23–24 June 2002
In Issue 146 of A List Apart, For People Who Make Websites: Time management theories come and go, and we’re glad when most of them leave. But this one caught our fancy. No charts, no grids, no five syllable words — just a simple idea that can help you get more done with less stress. New ALA contributing writer Jeremy Wright uncorks the Pickle Jar Theory of Time Management.
Stilleye offers scripts you can download and use on your own sites. Includes expanding menus, a pixelated text generator, and a fix for MSIE’s automatic margin bug.
Of late we’ve found ourselves bemusedly contemplating the abstract thoughts and equally abstract layouts of WebActivism.
SDG, a newly launched web agency, has taken WaSP’s challenge to heart, and will offer its clients only standards-compliant work. The agency’s corporate site complies with XHTML 1.0 Transitional, CSS, and the Section 508 guidelines, and is not a bad looker.
Recent essentials you may have missed: “Flash Player 6 & broken detection scripts” covers a problem on numerous Flash-based sites, where old browser detection scripts prevent visitors who’ve installed the Flash 6 player from viewing Flash content. “Dingbats instead of text” explores an MSIE problem in which text on web pages shows up as visual symbols instead of words.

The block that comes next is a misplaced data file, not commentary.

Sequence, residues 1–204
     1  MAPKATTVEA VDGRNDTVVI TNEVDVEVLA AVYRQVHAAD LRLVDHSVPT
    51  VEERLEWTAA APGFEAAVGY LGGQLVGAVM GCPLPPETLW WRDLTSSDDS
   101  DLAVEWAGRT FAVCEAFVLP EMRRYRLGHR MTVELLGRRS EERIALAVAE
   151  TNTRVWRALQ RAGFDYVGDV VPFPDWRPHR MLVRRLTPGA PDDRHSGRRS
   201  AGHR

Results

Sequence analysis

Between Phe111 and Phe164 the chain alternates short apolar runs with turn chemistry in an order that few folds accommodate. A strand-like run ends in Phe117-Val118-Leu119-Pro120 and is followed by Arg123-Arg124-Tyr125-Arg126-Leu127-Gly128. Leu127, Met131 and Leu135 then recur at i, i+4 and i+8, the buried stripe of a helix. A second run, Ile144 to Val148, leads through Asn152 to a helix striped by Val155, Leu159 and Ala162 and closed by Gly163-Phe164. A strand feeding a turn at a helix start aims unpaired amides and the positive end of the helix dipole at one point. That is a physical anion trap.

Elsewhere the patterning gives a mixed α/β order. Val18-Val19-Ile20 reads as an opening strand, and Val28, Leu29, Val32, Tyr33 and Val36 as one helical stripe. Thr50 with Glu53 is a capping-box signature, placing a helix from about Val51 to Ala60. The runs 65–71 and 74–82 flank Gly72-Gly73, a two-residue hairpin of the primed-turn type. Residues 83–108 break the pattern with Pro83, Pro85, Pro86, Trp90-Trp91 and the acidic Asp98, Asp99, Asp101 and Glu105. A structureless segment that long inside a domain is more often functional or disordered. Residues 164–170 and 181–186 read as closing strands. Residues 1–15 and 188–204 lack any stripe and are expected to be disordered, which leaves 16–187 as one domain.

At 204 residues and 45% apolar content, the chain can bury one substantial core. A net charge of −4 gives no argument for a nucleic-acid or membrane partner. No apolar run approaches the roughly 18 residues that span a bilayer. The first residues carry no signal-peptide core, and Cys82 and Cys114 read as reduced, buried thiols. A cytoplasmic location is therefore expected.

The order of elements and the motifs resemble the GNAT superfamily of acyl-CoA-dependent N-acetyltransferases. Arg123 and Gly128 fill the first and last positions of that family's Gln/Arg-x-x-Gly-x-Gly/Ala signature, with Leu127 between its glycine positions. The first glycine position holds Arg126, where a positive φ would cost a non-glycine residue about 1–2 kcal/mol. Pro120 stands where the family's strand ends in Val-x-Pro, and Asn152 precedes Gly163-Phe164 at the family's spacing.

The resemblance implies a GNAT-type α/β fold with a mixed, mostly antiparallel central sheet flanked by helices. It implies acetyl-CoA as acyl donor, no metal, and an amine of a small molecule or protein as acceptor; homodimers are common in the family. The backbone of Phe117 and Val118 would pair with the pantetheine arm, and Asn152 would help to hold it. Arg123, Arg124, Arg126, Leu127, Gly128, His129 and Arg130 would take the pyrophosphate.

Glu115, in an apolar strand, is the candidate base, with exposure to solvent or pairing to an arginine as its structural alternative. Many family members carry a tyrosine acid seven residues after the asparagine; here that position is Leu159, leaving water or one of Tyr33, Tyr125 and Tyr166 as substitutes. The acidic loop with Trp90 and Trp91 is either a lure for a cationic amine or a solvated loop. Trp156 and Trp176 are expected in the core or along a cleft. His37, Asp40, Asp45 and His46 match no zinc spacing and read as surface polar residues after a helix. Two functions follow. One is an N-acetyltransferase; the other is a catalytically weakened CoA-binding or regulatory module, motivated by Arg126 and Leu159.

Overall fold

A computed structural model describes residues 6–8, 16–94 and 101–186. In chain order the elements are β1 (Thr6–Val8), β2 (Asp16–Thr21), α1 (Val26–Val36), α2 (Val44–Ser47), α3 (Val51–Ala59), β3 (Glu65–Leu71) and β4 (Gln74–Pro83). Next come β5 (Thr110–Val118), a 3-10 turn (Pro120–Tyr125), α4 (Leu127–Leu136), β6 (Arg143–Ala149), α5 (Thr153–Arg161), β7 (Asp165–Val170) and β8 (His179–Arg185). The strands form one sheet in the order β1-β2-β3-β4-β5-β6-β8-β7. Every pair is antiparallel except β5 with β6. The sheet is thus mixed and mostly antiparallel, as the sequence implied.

21 June 2002 [3 pm | 2 pm | 1 pm | noon]
With chagrin and humility we deeply apologize to twothirty and skinnycorp for our ill-considered comments yesterday. The two sites may somewhat resemble 37signals, and certain elements of twothirty’s text do superficially remind one of 37signals’s sell copy, but those similarities do not make them ripoffs, and suggestions to that effect were out of line.
Many sites resemble each other, and there is only so much self-promotional text you can write without superficially sounding like someone else. Moreover, twothirty’s look and feel has evolved over several years. Discussing these two sites in the same paragraph as comically inept plagiarists like Greedmaster was wrong. We regret yesterday’s statements and will try to be more careful in the future.